This started after I changed my mind and told him I was going to stay in the house and after I wrote him a 5 page letter (on the advice of my counselor) telling him how I felt about all this and our marriage.

I get the shoulder shrug or he tells me he doesn't want to talk about it when I bring up the state of our marriage. He has never apologized because he doesn't think he did anything wrong. He said they were just friends (not physical), but the 4000 text messages/phone calls over two months time tell me there was more than friendship. If they were just friends, why the effort to hide her from me, the passwords on the phone and computer, etc.

Our H's must be similar in nature. I can't figure H's behavior either.

Last edited by 4mockingbird; 08-03-2010 at 07:59 AM.
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Old 08-03-2010, 08:15 AM   #10 (permalink)
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Default Re: What To Do if The Disloyal Actually Files for Divorce

Very similar story except in my case I wish I was not constricted to depend on his work visa here in the US and him losing his job(he got severance). As I am writing this post he took my car to the dealership to have some accessory installed on it that he bought for me. I did not ask for it nor I cared if I got it really. I feel like son and I are just moving away and he is trying to facilitate the move. But as you said, there are still passwords on his two blackberries(he does not know I know about the second one), no texts on the two cell phones(he uses the blackberry to communicate with her at least he did that before) and still no talk as to what really went wrong in our marriage or at least his official story still does not add up right now.
I just hope one day he realizes how much I have loved him and loved him unconditionally. But where I am going to be at that moment in my life if that happens I really don't know. People ask me if I can forgive him. I tell them the forgiving part is the easiest part. It's the forgetting and the trusting part that is going to be difficult. But even for that to happen he will have to show that he feels remorseful for what he did and he would have to commit to work on the marriage or whatever is left of it. I don't want him back in my life because we have a child I want him back because he wants to be back with me.
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Old 08-03-2010, 08:53 AM   #11 (permalink)
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Default Re: What To Do if The Disloyal Actually Files for Divorce

4mockingbird, I don't blame you one bit for stalling. I've got a similar problem now too. I, too, had a serious illness near the end of last year. The health insurance would be a nice thing to have.

Perhaps your attorney needs to request your wayward husband be responsible for providing you with a private policy after the divorce. It's going to be tough to find someone to insure you on an individual policy; and if you do find someone to write the policy, it is going to be EXPENSIVE. That will really slow things down. My estranged husband is worrying about that one!
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Old 08-03-2010, 08:56 AM   #12 (permalink)
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Default Re: What To Do if The Disloyal Actually Files for Divorce

My nice husband is actually paying for extra insurance for son and I in Canada for things that are usually not covered by the government plan(dental, vision, and few others). These benefits you usually get through an employer and only when you have a full time job. He is also keeping me and son on his COBRA insurance for now.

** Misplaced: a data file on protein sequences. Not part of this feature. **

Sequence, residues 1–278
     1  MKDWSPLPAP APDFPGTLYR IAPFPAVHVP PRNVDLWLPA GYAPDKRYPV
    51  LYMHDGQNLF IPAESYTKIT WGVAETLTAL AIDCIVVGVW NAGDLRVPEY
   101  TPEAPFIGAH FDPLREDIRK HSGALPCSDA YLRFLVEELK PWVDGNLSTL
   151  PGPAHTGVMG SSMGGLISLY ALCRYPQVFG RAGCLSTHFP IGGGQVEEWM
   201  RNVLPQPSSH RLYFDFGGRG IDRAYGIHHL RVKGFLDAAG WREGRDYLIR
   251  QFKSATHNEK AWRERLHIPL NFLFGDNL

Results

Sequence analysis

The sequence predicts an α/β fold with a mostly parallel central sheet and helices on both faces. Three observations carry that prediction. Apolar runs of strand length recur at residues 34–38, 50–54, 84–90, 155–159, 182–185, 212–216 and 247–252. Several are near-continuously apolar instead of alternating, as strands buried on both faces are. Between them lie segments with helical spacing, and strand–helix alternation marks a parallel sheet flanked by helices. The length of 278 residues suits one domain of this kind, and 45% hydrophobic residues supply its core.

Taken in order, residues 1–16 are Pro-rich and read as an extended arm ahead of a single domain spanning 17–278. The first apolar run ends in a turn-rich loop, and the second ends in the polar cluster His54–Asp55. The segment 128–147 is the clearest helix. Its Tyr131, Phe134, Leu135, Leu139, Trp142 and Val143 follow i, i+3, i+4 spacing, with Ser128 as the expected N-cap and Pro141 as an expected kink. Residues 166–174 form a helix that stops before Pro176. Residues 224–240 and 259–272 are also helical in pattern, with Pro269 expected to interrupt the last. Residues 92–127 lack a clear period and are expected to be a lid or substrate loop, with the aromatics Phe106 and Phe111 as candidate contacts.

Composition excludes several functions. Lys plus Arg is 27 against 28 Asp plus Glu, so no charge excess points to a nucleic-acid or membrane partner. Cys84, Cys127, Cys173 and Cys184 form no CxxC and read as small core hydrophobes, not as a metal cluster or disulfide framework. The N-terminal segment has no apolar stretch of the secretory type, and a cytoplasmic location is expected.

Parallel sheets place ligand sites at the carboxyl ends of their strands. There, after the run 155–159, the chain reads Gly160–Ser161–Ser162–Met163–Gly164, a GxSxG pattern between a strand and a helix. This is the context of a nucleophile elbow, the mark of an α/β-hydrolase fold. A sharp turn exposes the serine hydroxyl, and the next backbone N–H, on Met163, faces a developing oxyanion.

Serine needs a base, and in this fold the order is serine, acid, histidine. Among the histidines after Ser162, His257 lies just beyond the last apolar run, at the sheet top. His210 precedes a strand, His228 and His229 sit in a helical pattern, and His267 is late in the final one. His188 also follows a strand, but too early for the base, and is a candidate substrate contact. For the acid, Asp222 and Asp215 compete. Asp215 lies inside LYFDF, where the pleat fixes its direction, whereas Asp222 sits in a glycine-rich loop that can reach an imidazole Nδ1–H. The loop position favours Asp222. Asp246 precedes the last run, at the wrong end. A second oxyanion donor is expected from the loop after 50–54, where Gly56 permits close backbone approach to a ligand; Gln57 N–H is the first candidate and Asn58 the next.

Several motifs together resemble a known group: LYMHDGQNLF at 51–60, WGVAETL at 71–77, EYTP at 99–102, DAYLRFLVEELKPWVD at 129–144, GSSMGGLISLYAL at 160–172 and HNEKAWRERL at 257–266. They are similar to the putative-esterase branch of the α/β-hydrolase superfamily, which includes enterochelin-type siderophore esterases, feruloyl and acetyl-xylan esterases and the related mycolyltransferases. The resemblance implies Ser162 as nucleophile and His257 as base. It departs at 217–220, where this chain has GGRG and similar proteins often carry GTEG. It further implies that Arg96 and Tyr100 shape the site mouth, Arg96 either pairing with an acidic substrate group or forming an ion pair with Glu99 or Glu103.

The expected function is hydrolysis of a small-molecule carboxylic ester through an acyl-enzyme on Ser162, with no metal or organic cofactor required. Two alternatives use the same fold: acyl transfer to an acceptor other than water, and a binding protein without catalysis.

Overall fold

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Old 08-03-2010, 09:18 AM   #13 (permalink)
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That was brought up. Either agree to one year legal separation for me to finish up, purchase private insurance (hard with pre-existing conditions), or pay for it all himself. H looked into a plan but was going to cost $4000 a year, money he doesn't have.

I also have type II Diabetes and hypertension (with heart murmur) to go along with those back problems caused by the car accident.
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Old 08-03-2010, 10:28 AM   #14 (permalink)
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Default Re: What To Do if The Disloyal Actually Files for Divorce

Thank you for starting this thread. Textbook of what is going on in my life.

My wife filed in May...thought in 60 days, we would be done. I did or said nothing but try and be a good husband at home. She is/was mad that I am doing nothing to 'help' the divorce process.

I am not doing anything. She is still bringing up all the past (and adding some), I was verbally abusive EVERY OTHER DAY she says, I have not changed, etc etc.

More on this topic will help me and I am sure many others. Dragging is a way to get 'reality' to hit? Am I catching the drift?
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Old 08-03-2010, 11:42 AM   #15 (permalink)
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Default Re: What To Do if The Disloyal Actually Files for Divorce

Interesting way of summing up this thread--dragging feet on a divorce until reality sets in. I'm eager to see how this thread goes as well.

In my case, the lawyers have been the ones who dragged feet. My saga has been going on five years (divorce has been in the process for 16 months). We have now lost almost everything. Our family is destroyed, the business is gone, no income, and bankruptcy isn't far off. The bank will soon be foreclosing on our house. I honestly don't think reality can get much more vivid here. But, you know, the estranged husband really doesn't see reality. He still lives in his fantasy world in a waterfront home. Therefore, for some of you hoping a good dose of reality will change your cheating spouses' hearts, don't hold your breath. I know in my case I would have been much better off had I been able to get a speedy divorce. I could have at least saved my business then. I guess each case is different. Had it not been for me trying to salvage the business, I never would have been the one to file for divorce. I would not have given him the satisfaction! Heck, he sat there for two years threatening to divorce--the whole time he was stealing from our business and having one big party after another. Now, I wonder if he ever would have filed?

Last edited by 827Aug; 08-03-2010 at 11:57 AM.